Sales of pension term assurance have soared since A-Day but confusion surrounding the levels of advice associated with this hybrid product are still worrying many advisers.
Now being sold as a cheaper alternative to term insurance, PTA is written under pension rules. Until April this year, it could only be sold by advisers regulated under the FSA’s code of business regulations.
However, changes to the Cob rules introduced at the same time as pension simplification allow PTA to be sold by general insurance and protection advisers – those who conduct their business under Icob rules.
Until April, only one provider, Royal Liver, offered PTA but nine other providers have since launched products including Bright Grey, Bupa, Friends Provident, Legal & General, Liverpool Victoria, Norwich Union, Scottish Provident, Scottish Equitable and Standard Life. Other providers such as Axa and Scottish Widows are expected to introduce products and it is estimated that nearly 60 per cent of advisers are selling PTA instead of term insurance.
The reason why PTA is a cheaper form of insurance is because its premiums can be written under pension rules and therefore clients get tax relief on the premiums they pay. This means clients get more insurance for their money. For every 78p in premium a client pays, the PTA provider can claim 22p in tax relief. Higher-rate taxpayers have to claim back the extra through their tax return.
While the suitability of product itself is not under question – for example, Lifesearch head of protection strategy Kevin Carr believes that PTA is a viable alternative to term insurance for 97 per cent of clients – questions are being raised over the level of advice that needs to given with it, since it is a product covered by pension regulation.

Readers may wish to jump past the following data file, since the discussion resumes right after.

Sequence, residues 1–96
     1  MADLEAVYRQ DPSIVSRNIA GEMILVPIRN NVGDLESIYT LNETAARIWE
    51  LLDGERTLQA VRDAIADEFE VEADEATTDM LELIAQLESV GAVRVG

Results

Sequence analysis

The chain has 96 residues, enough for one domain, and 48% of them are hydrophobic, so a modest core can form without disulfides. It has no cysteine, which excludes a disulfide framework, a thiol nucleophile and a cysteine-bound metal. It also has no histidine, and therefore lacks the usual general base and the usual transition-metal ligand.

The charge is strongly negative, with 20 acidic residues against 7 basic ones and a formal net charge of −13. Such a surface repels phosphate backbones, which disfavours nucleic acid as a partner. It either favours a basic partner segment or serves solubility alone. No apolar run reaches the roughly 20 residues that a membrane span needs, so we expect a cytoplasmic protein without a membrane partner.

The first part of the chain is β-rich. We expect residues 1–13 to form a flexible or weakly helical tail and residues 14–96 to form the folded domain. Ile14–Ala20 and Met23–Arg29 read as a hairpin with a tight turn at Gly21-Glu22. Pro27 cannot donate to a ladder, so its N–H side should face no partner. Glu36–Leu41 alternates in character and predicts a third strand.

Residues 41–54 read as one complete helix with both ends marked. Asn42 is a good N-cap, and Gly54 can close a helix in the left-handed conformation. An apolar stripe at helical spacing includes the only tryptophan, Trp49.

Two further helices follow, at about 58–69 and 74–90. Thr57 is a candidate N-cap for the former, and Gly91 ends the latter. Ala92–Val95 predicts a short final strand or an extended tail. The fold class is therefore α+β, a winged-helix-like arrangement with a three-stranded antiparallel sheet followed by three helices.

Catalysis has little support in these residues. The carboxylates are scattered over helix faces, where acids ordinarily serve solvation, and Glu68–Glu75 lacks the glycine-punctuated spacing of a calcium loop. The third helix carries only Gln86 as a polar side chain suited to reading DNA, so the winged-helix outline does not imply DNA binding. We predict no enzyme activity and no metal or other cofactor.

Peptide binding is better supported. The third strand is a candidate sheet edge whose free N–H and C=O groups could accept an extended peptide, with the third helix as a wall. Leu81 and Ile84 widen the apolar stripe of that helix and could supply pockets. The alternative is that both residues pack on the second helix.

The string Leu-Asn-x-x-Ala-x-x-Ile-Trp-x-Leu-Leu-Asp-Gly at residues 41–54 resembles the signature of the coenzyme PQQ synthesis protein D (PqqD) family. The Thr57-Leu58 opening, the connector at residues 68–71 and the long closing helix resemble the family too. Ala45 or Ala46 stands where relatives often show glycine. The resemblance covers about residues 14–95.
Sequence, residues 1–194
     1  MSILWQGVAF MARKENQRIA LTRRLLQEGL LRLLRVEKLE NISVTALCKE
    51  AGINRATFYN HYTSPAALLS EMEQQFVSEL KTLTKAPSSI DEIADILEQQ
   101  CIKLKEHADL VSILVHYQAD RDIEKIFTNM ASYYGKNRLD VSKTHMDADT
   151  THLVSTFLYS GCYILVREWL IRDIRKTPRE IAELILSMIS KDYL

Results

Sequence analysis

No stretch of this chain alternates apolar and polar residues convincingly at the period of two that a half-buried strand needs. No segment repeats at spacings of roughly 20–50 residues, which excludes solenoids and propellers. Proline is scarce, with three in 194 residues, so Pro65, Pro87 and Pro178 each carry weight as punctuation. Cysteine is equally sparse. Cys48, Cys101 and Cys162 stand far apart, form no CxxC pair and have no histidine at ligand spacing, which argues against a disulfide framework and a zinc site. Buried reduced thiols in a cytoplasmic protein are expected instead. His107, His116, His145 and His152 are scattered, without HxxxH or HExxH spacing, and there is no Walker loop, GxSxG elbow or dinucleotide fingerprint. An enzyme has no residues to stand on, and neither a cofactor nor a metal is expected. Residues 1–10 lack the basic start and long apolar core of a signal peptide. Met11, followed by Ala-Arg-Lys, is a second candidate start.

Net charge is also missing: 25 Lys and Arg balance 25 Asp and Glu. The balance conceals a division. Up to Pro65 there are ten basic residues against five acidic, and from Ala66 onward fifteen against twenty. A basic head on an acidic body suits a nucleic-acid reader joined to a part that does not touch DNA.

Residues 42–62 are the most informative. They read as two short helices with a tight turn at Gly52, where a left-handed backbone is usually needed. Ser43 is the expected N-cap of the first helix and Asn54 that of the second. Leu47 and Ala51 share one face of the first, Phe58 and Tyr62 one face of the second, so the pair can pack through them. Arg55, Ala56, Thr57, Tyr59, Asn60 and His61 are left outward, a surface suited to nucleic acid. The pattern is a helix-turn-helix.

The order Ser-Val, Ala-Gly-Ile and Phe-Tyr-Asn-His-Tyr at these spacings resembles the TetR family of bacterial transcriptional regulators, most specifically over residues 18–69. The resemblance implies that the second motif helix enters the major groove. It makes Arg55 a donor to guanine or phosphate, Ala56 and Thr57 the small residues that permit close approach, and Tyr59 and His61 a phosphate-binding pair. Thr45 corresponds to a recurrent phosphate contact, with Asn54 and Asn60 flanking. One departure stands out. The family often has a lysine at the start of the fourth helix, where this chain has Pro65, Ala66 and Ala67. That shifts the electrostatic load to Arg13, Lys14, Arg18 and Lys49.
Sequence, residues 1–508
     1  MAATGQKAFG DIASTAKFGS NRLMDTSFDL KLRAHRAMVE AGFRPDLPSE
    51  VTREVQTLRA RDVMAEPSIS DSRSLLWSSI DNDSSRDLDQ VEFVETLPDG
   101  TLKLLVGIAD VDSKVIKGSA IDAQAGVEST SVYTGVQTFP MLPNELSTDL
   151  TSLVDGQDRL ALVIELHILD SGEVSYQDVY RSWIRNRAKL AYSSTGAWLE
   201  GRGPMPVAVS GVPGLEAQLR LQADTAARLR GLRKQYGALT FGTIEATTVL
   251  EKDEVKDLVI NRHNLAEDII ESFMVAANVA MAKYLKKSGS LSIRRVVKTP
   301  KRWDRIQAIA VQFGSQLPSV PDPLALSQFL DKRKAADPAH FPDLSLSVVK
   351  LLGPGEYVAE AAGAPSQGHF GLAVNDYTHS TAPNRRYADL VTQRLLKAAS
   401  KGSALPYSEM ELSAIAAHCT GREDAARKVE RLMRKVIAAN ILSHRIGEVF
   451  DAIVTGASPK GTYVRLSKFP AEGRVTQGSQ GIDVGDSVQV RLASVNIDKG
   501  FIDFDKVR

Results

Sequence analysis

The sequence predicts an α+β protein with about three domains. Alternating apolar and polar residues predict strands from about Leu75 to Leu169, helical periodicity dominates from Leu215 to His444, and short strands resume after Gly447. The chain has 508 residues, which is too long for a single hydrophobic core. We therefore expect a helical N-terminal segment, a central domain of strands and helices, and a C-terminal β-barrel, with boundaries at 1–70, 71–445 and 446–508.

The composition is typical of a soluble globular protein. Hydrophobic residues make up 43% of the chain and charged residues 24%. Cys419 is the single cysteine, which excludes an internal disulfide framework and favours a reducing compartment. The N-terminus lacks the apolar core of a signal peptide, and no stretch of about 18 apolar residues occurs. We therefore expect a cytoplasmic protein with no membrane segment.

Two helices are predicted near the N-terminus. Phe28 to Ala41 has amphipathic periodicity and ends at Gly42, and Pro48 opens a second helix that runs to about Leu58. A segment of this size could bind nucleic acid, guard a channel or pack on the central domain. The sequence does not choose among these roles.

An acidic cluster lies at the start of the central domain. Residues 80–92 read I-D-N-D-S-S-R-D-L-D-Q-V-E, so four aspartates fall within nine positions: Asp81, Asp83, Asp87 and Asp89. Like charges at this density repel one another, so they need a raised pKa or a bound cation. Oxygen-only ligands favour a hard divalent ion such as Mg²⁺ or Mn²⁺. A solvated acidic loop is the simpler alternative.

AWD Chase de Vere research manager Julie Smith says there is still too much confusion and this could lead to cases of misselling.
She says this is because Icob advisers are not regulated to give advice on pensions and their advice remains restricted solely to pension term contracts that satisfy the definition of pure protection contracts.
“This means that they are unable to advise on a policy that runs past age 70 and has a term of more than 10 years although this may change if, as anticipated, the age 70 rule is abolished,” says Smith.
Icob advisers need to have procedures in place to gather sufficient pension information from the client to determine if PTA is suitable.
The real issue of suitability hinges on the lifetime limit introduced as part of pension simplification. If a client’s pension fund, combined with the sum assured on their PTA policy, breaches the £1.5m ceiling, the client will incur a 40 per cent tax charge. A client who applies for enhanced protection and continues to pay a PTA premium will also negate that agreement.
Smith says for most clients the chances of breaching that limit are very small and that selling PTA as an alternative to term insurance is fine but the adviser has to be very careful. She believes that as long as it can be shown that the necessary research has been undertaken to prove the client’s level of existing pension arrangement is safely under the lifetime limit, an Icob adviser will not have to provide any warning to the client of potential unsuitability or highlight the fact that they are not regulated to give pension advice.
She says: “The main concern would be if an Icob adviser did not ask the client the right questions about their pension arrangements and did not emphasise the fact they could not give advice in this area, as this could lead to potential misselling claims if, further down the line, the client faced over-funding tax charges.”